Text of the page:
US secretary of state Mike Pompeo announced on 18 November that his country no longer recognises Israeli West Bank settlements as being in breach of international law. And while the move may benefit Trump domestically, ultimately, it harms the beleaguered Palestinian people.
The Israeli state's establishment of settlements in Palestinian territory that's been occupied since the 1967 Six Day War, involves increasing encroachments upon land where Indigenous communities live. And it's recognised that this program directly breaches the Fourth Geneva Convention.
Despite international condemnation, the Netanyahu regime last year passed the controversial Nation-State Law, which actively promotes further expansion of these settlements. And this legislation also legitimised Israel's apartheid system, officially recognising Palestinians as second-class citizens.
And this isn't the first time that Trump's taken aim at the Palestinians, whilst reinforcing the US relationship with Israel. After he officially recognised Jerusalem as Israel's capital, the US embassy was moved there on 14 May last year, as Israeli forces shot dead 58 unarmed Palestinian protesters.
Disregarding international frameworks
"The reality is that the settlements have all but destroyed any hope of a two state solution," said Australia Palestine Advocacy Network president Bishop George Browning. "And for Trump to legitimise them is for the US to commit to the end of this possibility."
"Ultimately, two peoples of similar population size have to live peaceably together," he further explained. "Every time a statement is made, or action taken that results in exulting one side and diminishing the other, leaves prospects for long term peace and harmony a distant dream."
Bishop Browning told Sydney Criminal Lawyers that "Trump is largely playing to his own electorate", which contains a sizable amount of conservative evangelicals. And he stressed the need for nations to act in accordance with established rules, which Trump merely tramples upon.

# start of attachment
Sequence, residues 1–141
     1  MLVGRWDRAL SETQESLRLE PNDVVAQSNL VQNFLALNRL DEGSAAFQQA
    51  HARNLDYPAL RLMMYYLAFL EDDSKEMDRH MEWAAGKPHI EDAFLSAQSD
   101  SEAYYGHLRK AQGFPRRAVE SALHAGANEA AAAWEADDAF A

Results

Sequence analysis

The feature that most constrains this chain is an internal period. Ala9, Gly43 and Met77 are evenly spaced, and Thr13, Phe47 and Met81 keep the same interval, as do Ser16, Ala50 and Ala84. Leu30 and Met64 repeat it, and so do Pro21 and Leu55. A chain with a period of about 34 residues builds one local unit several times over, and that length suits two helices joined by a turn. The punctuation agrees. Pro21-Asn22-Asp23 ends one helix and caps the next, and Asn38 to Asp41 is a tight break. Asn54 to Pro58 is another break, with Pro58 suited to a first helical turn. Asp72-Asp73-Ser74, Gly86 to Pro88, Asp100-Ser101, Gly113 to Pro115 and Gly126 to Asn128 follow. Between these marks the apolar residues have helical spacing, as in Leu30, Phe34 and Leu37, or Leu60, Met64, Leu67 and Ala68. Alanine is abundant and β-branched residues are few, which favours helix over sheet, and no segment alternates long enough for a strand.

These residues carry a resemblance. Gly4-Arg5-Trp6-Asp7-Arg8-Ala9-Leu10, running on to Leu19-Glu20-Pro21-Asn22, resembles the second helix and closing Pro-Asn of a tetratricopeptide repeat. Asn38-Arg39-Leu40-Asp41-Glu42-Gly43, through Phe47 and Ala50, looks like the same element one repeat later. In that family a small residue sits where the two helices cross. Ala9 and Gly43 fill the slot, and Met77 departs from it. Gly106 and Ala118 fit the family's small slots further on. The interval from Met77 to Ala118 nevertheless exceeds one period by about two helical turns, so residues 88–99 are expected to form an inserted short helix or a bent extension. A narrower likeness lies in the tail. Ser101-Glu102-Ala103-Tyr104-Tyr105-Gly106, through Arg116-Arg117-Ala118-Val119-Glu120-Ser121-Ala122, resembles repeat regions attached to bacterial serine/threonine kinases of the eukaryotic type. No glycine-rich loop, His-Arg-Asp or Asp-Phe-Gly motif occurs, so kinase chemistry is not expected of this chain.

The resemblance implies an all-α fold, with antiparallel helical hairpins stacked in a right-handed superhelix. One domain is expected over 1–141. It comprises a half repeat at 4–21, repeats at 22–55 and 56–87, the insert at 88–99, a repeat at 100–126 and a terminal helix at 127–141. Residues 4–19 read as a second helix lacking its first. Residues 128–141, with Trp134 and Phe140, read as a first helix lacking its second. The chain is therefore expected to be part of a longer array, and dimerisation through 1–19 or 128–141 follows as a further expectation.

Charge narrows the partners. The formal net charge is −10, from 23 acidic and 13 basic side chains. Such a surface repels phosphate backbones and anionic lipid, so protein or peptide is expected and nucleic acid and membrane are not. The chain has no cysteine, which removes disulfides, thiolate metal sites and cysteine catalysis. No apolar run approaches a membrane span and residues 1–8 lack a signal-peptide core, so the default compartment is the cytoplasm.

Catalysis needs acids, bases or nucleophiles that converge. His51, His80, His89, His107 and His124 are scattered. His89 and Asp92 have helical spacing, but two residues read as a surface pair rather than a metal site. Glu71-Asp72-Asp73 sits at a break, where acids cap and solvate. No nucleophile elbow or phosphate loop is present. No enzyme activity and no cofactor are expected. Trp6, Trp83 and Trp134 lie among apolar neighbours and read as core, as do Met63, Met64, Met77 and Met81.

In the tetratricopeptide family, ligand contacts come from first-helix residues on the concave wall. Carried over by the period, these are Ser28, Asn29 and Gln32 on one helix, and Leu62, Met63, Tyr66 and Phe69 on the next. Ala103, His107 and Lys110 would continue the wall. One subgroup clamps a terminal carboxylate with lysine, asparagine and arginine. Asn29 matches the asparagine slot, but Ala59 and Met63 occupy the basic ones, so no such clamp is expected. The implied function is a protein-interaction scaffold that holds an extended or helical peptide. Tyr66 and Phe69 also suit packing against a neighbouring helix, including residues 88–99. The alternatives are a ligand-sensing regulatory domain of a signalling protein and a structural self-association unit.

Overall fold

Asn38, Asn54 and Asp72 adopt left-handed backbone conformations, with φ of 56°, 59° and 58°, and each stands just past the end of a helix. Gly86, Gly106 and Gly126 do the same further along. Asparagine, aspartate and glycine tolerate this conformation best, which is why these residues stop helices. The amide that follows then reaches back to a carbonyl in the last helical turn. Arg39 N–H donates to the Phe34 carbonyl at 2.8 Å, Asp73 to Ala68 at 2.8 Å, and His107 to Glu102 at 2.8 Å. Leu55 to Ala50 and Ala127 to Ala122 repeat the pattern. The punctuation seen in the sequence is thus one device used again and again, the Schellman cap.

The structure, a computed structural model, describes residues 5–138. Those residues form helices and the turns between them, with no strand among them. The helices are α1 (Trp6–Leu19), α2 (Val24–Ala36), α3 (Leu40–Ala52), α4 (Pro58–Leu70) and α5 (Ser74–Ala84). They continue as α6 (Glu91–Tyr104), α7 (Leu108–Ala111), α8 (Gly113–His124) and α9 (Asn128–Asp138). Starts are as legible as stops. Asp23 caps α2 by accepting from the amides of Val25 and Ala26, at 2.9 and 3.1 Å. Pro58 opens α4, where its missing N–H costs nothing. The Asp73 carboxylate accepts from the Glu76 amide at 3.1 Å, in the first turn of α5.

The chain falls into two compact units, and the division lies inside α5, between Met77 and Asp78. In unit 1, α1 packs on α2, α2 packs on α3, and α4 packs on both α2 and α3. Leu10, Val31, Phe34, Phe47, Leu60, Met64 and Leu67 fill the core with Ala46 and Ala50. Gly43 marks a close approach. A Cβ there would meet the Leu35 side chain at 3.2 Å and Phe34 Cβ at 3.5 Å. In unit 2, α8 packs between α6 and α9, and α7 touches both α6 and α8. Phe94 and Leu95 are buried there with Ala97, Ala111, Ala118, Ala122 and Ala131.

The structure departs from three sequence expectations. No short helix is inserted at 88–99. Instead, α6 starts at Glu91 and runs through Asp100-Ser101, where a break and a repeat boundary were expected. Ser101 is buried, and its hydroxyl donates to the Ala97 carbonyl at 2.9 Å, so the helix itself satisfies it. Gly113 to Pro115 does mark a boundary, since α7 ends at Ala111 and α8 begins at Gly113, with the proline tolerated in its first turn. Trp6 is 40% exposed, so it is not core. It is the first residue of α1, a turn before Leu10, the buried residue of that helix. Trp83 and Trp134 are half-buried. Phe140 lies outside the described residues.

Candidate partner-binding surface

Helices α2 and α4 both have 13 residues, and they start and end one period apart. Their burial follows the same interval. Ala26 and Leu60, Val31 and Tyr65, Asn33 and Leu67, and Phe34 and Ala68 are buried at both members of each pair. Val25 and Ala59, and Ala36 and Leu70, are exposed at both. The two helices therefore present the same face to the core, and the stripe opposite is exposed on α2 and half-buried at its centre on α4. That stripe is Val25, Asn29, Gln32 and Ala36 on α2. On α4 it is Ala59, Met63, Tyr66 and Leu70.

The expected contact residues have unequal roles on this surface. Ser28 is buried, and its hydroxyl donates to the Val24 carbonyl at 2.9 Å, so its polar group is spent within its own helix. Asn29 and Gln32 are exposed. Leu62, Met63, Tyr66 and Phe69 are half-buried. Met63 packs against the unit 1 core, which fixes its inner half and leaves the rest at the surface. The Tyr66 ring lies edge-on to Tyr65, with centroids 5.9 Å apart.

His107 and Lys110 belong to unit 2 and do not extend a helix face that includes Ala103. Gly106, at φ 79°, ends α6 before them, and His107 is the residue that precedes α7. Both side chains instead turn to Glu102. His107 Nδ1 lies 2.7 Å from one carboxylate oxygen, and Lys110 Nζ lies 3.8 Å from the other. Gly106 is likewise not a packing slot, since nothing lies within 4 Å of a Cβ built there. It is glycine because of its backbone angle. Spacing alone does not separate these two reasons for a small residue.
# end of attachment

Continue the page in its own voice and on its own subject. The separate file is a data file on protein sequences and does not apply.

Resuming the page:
Right now, the three million Palestinians living in the West Bank are forced to stand by as their agricultural lands are stolen to make way for new Israeli settlements. And their movements are aggressively restricted with hundreds of checkpoints and roadblocks throughout the region.
In a 15 December 2018 address at the Sydney Institute, Trump's down under deputy Scott Morrison criticised the Israeli program of land appropriation, as undermining peace and contributing to stalemate. But, this should be taken with a whole packet of salt.
The reigning Australian PM had preceded these comments by patting our nation on the back for opposing "six resolutions that attacked Israel in the UN General Assembly" the month prior, at his own direction.
"In the past, we had abstained on these resolutions," Morrison continued. "Not anymore and not on my watch." However, this is just more fluff from a deeply religious prime minister, who seems to care little for oppressed populations.
Indeed, Australia has been a great ally to Israel since the Liberal Nationals government came to power in 2013. And renowned political commentator Noam Chomsky has suggested that this is a case of one settler colonial state supporting another.
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